MEMPHIS, Tenn. -- Memphis is said to have some of the highest rates of homes without fathers.
The U.S. Census Bureau reported in some neighborhoods nearly nine out of ten homes don't have dads.
"I grew up in the inner city. My father was killed when I was very young. Maybe ten or twelve-years-old," said Kevin Rayford. "I grew up in life without a father and without any structure in my life."
Soon after, Rayford said he was in and out of juvenile detention centers until he wound up in federal prison twice.
"My second time in prison, it's like the light popped on. It was like if I don't make a change in my life, my kids are going to fall in the same foot steps I did," he said.
Across the country and across all races, 24 million households are said to be without a father.
Memphis was no exception.
What was even more troubling, the U.S. Department of Health and Human Services reported girls without fathers were more likely to get pregnant as teens, and boys were twenty times more likely to end up in prison.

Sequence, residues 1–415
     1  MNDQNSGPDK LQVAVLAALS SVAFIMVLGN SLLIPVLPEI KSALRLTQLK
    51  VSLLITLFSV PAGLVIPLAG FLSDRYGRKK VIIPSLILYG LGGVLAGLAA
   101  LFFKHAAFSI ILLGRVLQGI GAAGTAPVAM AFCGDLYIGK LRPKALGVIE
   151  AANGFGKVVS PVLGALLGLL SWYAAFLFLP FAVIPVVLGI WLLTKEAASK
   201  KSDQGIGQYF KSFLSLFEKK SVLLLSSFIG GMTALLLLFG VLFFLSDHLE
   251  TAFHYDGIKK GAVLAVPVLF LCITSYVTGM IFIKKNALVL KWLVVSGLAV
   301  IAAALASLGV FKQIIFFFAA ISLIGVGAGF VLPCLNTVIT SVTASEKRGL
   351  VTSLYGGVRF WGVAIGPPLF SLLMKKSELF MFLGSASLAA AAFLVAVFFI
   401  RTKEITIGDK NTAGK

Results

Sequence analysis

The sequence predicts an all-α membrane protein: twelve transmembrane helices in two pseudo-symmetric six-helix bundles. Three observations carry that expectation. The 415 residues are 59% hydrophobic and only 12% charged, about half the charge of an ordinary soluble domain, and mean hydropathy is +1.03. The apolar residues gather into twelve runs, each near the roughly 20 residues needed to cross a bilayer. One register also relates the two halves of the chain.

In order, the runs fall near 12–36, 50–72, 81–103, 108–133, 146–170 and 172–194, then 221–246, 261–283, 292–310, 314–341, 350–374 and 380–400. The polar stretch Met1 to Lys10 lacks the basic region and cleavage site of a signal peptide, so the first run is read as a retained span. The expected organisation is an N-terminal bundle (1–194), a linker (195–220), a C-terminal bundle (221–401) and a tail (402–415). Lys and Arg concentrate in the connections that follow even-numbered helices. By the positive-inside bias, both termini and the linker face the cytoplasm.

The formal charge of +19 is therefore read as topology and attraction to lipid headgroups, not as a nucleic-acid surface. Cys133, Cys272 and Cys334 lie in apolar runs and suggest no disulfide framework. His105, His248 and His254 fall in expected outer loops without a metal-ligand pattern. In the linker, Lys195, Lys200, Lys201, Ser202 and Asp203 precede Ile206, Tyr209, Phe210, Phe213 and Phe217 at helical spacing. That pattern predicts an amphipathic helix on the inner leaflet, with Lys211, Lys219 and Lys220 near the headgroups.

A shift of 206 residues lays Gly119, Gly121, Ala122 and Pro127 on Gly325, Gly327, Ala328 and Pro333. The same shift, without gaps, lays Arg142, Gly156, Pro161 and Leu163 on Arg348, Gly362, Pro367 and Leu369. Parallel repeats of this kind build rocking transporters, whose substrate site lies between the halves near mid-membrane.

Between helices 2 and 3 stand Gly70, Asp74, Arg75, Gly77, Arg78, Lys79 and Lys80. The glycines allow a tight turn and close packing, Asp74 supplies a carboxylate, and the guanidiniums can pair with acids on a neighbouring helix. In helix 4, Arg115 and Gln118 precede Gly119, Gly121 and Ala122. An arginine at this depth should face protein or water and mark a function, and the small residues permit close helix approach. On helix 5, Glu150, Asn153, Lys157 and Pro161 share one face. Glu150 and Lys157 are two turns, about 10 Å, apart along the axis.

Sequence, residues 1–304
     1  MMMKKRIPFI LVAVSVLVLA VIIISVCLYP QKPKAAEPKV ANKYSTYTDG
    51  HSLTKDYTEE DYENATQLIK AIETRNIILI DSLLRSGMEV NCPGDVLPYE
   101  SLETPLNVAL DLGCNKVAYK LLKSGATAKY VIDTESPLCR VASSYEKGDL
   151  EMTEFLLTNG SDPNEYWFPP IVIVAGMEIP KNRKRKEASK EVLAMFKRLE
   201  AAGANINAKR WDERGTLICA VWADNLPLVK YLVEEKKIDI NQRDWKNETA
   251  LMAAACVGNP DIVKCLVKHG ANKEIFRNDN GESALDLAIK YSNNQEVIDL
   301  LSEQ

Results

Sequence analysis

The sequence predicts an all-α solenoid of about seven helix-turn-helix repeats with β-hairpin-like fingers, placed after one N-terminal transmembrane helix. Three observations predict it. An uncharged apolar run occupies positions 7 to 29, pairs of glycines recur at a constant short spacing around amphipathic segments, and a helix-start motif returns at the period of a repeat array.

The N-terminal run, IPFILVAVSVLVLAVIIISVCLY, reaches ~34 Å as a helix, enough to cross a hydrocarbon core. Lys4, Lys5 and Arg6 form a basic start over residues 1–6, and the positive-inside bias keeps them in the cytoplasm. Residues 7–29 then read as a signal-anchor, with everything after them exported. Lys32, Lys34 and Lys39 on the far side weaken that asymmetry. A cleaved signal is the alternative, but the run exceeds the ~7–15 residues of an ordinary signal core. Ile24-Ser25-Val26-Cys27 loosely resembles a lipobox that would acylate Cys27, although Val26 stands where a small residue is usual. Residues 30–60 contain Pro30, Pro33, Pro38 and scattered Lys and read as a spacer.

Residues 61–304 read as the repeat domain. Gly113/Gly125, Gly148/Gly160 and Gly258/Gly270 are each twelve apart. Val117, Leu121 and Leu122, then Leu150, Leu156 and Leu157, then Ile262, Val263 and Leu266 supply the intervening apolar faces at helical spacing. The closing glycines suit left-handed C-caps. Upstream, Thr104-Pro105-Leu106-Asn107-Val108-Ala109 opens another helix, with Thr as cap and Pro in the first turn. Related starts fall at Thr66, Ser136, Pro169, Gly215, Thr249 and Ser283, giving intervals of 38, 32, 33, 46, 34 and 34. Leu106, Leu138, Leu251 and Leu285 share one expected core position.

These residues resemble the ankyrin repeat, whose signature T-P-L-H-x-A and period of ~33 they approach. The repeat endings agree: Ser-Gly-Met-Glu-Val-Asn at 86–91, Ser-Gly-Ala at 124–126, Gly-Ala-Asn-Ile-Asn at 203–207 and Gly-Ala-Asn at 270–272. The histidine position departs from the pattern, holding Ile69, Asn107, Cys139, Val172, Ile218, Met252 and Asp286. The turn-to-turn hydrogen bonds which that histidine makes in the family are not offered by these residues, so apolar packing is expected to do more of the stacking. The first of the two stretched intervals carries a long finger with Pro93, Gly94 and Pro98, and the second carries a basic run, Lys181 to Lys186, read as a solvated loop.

"I knew what I needed as a kid. I needed a father figure. I needed guidance," said Rayford.
Rayford vowed to be a good dad, a support system and role model for his children.
He also started mentoring troubled teens who are headed down the path he was once on.
Friday, the City of Memphis recognized Rayford and several other dads for being active and influential role models at home and in the community.
Those honored included: City Leadership Executive Director John Carroll, Soul Director Ken Bennett, Whitehaven High football Coach Rodney Saulsberry, Mayor A C Wharton and First Baptist Church -Broad Pastor Keith Norman.
"It's more than fathers. It's father figures. That's what this is about," said Mayor A C Wharton.
Rayford hoped his story inspires others to get involved.
"A lot of them just don't have the right guidance and direction, and we need more men to step up!" he said.
The city is hosting its 5th annual Memphis Training Camp for Dads on Saturday, June 20 at For the Kingdom Camp and Retreat from 9 a.m. to 3 p.m.
Dads will get action-packed workshops that involve zip-lining, rock-climbing and completing an obstacle course, as well as parenting workshops.
It's free to the public.